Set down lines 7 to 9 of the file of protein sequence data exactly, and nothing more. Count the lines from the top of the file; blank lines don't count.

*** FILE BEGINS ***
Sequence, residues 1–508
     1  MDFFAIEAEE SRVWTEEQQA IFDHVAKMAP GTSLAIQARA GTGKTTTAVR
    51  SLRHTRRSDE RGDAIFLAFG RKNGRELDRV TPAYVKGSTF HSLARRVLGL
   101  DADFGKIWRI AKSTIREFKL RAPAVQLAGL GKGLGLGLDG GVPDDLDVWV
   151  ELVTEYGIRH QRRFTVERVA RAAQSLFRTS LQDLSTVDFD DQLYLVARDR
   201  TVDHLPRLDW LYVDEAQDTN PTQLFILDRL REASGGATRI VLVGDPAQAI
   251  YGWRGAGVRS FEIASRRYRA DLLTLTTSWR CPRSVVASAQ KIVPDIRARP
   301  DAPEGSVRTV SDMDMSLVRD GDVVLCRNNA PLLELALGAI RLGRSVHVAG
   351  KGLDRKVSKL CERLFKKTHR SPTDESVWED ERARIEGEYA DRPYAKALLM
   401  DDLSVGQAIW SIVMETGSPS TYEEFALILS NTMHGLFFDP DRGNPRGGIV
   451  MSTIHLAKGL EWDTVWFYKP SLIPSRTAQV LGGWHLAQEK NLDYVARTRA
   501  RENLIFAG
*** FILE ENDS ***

   251  YGWRGAGVRS FEIASRRYRA DLLTLTTSWR CPRSVVASAQ KIVPDIRARP
   301  DAPEGSVRTV SDMDMSLVRD GDVVLCRNNA PLLELALGAI RLGRSVHVAG
   351  KGLDRKVSKL CERLFKKTHR SPTDESVWED ERARIEGEYA DRPYAKALLM